Okay, so a certain editor of Music Vice happens to be a rather vocal supporter of this band, so I’d best tread carefully here. This is the first time I’ve actually heard Cancer Bats – as opposed to “heard of”, which I indeed have, many a time – so I come to this album unsure what to expect, but at least expecting something far above the norm. My conclusion? I LIKE this: but I don’t LOVE it. Yet I can understand what may lead others to praise this as one of the better “hardcore punk meets metal” type bands to come down the turnpike in recent years: They definitely Rock, and that’s with a capital fuckin’ R, and they most definitely sound pissed-off and then some! If you’re looking for a band that is raw, visceral, and relatively free from pretension then you could do MUCH worse than to check this out.
Personal highlight of the album: Without a doubt, the rather excellent (if not exactly “superior”) cover of Beastie Boys classic “Sabotage”. Maybe a Cancer Bats cover album would impress me more? It’s not that I’m UNimpressed, just a little underwhelmed after the huge hype that I’ve heard surrounding this band for so long. Perhaps I’m just getting a little too old to be SCREAMED at for almost an entire album? That seems to be a recurring theme with me these days…hard an’ heavy an’ uncompromising are all good things, but whatever happened to MELODIC vocals?! Okay, in all fairness there’s a smattering of them on this album, but they’re mighty few and far between…
To me the words “hardcore punk” will always be more synonomous with classic, highly melodic punk acts such as Dead Kennedys and Black Flag. Fuck…I AM OLD.
© Michael Bowser, Music Vice
Okay Michael, as you mentioned, I have been a vocal advocate of the ‘Bats and they were one of the first good, heavy bands that I discovered when I arrived in Toronto from the UK. I’m not writing this to completely piss over your review… well OK, actually I am!
You don’t listen to Cancer Bats for melodic vocals. You listen to Cancer Bats for the snarling vocals which lash out over equally menacing riffs and beats. Screaming? Sure, perhaps the longest one being the held yell of “booooooooreeeeeeed” in “Fake Gold”, but this ain’t no lame-o screamo music and its pretty easy to pick up on the vocals. The words are spat and shouted by Liam Cormier because no other kind of delivery would suit the music or work to express the lyrics which are frequently carrying a message of grievance, defiance or just being pissed-off. Of course it’s not going to appeal to everyone, but it appeals to me, and more importantly to the teenage fans who can find something legit to identify with because, heck, there aren’t many good bullshit-free heavier bands around right now and if I was 10 years younger I’m sure I would like this music even more.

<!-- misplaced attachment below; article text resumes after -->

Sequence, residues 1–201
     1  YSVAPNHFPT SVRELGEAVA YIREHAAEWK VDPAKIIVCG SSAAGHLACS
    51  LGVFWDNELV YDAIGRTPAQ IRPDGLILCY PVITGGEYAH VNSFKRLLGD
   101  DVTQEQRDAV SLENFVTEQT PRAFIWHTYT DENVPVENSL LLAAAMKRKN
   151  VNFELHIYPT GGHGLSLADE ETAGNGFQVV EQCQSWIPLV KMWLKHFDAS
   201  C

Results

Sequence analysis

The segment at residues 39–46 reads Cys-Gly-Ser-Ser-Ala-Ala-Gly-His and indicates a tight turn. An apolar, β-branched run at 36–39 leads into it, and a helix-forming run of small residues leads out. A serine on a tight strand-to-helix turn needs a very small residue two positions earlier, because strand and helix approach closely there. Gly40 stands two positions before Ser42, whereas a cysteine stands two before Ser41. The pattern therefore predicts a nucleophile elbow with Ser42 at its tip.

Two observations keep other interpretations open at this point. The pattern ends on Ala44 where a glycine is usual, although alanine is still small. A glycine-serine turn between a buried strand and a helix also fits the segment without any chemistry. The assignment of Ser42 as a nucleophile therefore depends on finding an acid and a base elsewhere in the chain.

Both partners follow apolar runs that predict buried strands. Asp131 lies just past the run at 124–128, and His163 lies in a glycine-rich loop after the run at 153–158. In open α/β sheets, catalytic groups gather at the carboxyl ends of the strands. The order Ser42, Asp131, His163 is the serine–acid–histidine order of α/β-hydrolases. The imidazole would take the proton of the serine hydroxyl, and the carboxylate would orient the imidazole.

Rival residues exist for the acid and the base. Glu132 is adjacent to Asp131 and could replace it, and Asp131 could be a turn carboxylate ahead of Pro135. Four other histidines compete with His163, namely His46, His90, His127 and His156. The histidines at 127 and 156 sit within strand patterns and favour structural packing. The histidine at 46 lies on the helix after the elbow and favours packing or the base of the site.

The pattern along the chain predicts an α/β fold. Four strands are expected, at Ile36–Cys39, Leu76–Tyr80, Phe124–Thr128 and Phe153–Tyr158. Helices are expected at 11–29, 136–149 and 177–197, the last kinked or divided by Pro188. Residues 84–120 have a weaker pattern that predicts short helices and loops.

Cancer Bats are a relevant, vocal minority in their profession and they provide a voice that fits the times: See “Fake Gold” and “Sleep This Away” for just a couple of examples of the band speaking out about the tired, jaded, apathy of modern living, the scene, etc. “Raised Right” makes a similar kind of commentary and carries the sense of the band having both a backbone and a level-head on their shoulders – ethics with metal? Yes, kind of. The “Sabotage” cover is a nice bonus and fans will be glad to see it’s inclusion because it was well-received when played at live shows in 2009.
And sure, this isn’t the same hardcore punk that came and died in the early 80’s, nothing ever will be, but the influence of original hardcore can be heard, while in this current musical climate the Cancer Bats have an attitude and ethic which is most definitely ‘hardcore’ compared to most of their contemporaries. This is a very solid album that should find appeal to fans of the Gallows, Trash Talk, Rise Against, Alexisonfire or the Bronx.
© Brian Banks, Editor, Music Vice